Article Details

Research Database: Article Details

Citation:  Berthoud, R. (2011). Trends in the employment of disabled people in Britain. Institute for Social and Economic Research, University of Essex, 3 1-55.
Title:  Trends in the employment of disabled people in Britain
Authors:  Berthoud, R.
Year:  2011
Journal/Publication:  Institute for Social and Economic Research, University of Essex
Publisher:  Institute for Social and Economic Research, University of Essex
DOI:  https://doi.org/10419/65931
Full text:  https://www.iser.essex.ac.uk/files/iser_working_papers/2011-03.pdf   
Peer-reviewed?  Yes
NIDILRR-funded?  No
Research design:  Database mining

Structured abstract:

Background:  The number of people claiming incapacity benefits increased rapidly to the mid 1990s, and has hardly reduced since then. This paper uses survey data to plot trends over time in the prevalence of disability, and in the employment rates of disabled people, in a way which is independent of, but comparable with, benefit statistics. The research is mainly based on General Household Survey data across the period 1974 to 2005. Much of the analysis is based on a loose definition of disability, but this is effectively complemented by more detailed data on health conditions available in some GHS years.
Purpose:  Employment trends in the UK over three decades raise important questions about the relationship between disability and employment. The main aim of this paper is to use population survey data to unpack the trends in disability and employment, rather than focus on the published benefit statistics. With regard to intervention, one area was examined was the effect of changes in Social Security Disability policies on employment trends.
Setting:  The General Household Survey (GHS) is a continuous multipurpose survey of large random samples of households across Great Britain.1 The survey has been conducted, using a new sample each time, every year since 1973, with the exception of 1997 and 1999. The latest year available when the data were downloaded for this analysis related to 2005. In practice the 1973 survey did not have full data on economic activities, and the 1977 and 1978 surveys did not carry the standard question on limiting long-standing illness. These three annual surveys were therefore dropped from the analysis. The database therefore provides 28 annual observations, over a 32 year period.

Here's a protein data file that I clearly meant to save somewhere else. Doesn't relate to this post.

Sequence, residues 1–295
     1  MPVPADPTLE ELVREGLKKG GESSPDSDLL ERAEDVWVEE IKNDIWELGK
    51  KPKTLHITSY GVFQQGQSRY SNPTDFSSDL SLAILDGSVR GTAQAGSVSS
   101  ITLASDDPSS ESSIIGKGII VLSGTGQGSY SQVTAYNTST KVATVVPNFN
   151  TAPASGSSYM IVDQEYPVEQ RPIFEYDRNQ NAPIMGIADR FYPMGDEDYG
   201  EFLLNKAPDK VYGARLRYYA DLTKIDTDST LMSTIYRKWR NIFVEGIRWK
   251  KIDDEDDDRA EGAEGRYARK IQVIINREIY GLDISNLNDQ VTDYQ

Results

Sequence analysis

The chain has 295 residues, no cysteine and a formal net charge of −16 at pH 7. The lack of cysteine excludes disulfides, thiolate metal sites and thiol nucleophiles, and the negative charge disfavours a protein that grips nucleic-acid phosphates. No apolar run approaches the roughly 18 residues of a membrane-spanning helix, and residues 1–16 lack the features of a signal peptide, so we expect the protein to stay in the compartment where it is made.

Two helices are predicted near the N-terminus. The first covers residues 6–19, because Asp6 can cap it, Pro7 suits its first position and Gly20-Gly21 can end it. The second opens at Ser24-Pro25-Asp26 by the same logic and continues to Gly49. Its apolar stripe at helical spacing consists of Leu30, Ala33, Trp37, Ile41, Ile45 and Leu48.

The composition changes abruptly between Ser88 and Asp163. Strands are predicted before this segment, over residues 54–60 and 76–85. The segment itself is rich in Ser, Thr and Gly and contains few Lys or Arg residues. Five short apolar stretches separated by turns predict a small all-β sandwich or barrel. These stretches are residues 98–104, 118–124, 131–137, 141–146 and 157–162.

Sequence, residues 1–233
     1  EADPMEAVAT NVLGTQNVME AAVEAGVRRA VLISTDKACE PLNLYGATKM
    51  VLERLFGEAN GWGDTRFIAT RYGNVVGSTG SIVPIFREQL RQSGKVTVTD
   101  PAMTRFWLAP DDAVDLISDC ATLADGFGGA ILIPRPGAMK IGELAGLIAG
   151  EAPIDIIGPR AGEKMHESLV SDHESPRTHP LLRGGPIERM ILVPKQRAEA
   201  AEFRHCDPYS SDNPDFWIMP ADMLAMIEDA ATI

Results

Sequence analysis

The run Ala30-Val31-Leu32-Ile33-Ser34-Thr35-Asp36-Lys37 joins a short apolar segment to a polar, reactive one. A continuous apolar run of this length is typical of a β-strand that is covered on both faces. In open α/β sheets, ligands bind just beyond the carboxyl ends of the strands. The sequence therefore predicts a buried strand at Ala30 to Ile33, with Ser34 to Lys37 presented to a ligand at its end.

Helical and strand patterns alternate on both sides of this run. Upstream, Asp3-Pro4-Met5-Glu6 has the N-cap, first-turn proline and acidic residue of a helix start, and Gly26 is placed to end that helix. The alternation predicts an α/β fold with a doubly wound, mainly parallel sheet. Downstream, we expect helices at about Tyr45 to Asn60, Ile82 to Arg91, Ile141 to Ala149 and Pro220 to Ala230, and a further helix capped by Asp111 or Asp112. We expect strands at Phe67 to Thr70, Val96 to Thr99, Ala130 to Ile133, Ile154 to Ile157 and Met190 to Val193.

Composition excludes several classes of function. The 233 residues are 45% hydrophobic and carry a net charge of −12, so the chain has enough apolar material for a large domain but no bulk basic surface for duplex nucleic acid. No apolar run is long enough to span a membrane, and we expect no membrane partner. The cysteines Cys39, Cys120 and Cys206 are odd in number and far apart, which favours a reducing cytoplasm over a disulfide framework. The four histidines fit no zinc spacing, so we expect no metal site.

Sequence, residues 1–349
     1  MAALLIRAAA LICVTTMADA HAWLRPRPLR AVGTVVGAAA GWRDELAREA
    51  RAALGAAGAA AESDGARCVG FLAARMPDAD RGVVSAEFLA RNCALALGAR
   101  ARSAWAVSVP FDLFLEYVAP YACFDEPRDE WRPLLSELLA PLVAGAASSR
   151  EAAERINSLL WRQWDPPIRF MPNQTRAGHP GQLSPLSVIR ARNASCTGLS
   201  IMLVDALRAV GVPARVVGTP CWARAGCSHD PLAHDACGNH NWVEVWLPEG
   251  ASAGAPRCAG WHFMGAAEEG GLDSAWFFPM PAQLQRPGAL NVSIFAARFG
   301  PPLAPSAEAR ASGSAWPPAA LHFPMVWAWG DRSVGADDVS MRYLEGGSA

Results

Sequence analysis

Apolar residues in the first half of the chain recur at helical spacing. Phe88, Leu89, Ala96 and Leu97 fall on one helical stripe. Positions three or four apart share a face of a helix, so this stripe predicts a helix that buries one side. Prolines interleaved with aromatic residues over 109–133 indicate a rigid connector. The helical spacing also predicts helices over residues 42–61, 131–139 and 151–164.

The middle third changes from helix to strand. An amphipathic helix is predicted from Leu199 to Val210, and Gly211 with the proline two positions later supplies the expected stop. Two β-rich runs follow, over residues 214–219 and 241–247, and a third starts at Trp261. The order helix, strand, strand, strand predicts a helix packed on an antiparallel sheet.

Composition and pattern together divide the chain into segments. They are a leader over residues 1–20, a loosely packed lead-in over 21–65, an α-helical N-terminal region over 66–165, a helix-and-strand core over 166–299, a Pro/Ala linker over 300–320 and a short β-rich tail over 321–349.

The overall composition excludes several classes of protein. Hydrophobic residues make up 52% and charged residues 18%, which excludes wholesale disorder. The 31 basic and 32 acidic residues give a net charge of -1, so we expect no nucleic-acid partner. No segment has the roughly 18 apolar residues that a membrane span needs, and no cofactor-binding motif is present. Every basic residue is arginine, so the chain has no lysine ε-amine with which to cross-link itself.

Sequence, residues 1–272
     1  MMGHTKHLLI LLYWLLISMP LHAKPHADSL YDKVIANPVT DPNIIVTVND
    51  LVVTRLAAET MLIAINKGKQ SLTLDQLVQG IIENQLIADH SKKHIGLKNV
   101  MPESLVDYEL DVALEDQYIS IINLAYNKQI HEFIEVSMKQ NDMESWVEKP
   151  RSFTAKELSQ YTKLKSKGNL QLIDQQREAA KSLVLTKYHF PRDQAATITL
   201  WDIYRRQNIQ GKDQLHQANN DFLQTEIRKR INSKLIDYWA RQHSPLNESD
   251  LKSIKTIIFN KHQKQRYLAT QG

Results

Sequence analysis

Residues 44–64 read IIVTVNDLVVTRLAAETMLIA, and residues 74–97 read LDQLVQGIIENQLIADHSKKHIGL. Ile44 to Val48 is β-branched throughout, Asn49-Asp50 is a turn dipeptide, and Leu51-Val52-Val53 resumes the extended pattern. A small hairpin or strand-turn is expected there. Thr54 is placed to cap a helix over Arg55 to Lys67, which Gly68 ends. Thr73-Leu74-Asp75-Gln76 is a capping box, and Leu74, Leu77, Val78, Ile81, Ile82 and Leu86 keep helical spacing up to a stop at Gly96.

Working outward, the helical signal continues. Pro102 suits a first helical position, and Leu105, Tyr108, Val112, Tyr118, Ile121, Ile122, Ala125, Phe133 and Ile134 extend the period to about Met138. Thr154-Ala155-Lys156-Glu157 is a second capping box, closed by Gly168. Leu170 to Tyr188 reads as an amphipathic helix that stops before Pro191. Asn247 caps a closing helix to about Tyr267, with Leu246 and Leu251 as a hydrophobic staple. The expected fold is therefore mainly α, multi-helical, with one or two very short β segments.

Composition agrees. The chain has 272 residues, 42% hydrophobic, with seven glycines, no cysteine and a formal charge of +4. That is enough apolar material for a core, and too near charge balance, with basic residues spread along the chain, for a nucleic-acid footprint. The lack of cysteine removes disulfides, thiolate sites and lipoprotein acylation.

Study sample:  The analysis in this paper is based on adults aged 20 to 59.
Intervention:  The only intervention assessed in this study was change in Social Security Disability policies.
Control or comparison condition:  There was no control or comparison condition.
Data collection and analysis:  Each of the 28 annual GHSs included in the analysis covers between 10,000 and 16,000 men and women within this age range, with an overall total of 360,673 respondents. Where results are shown for a series of years combined, each annual survey has been given a weight based on the number of adults in the population in the years in question, controlling for age and sex.
Findings:  The administrative statistics measure the combined outcome of three sets of processes: the prevalence of disability; the effect of disability on employment rates; the number of non-working disabled people who are eligible for, and claim, earnings replacement benefits on grounds of "incapacity". In practice the prevalence estimate (based on the LLI definition) rose gradually between the mid-1970s and the mid-1990s, before falling gradually over the following ten years. It is possible to interpret this as a steady rise followed by an abrupt reversal; or alternatively as a slowly evolving change in trend. The extent of employment disadvantage faced by disabled people – the employment penalty – followed a different pattern. It rose very slowly at first, increased rapidly between 1987 and 2000, and then steadied (Figure I). There were no observable and definitive effects of policy changes and employment.
Conclusions:  This analysis of the trends over three decades has tended to undermine some of the hypotheses frequently put forward to explain the experience of disabled people: - there is little sign that most of the changes observed over the period have mainly been associated with minor sets of impairments; - there is little sign that disabled people are especially sensitive to the ups and downs of the business cycle; - although there was a substantial shift in the ratio of disability-disadvantage (as estimated by the survey) to incapacity-related benefit payments (reported by the DWP) up to about 1990, there is little sign that this ratio was influenced by major changes in the rules governing eligibility for benefits.

Outcomes:  Employment acquisition
Self-employment
Full-time employment
Part-time employment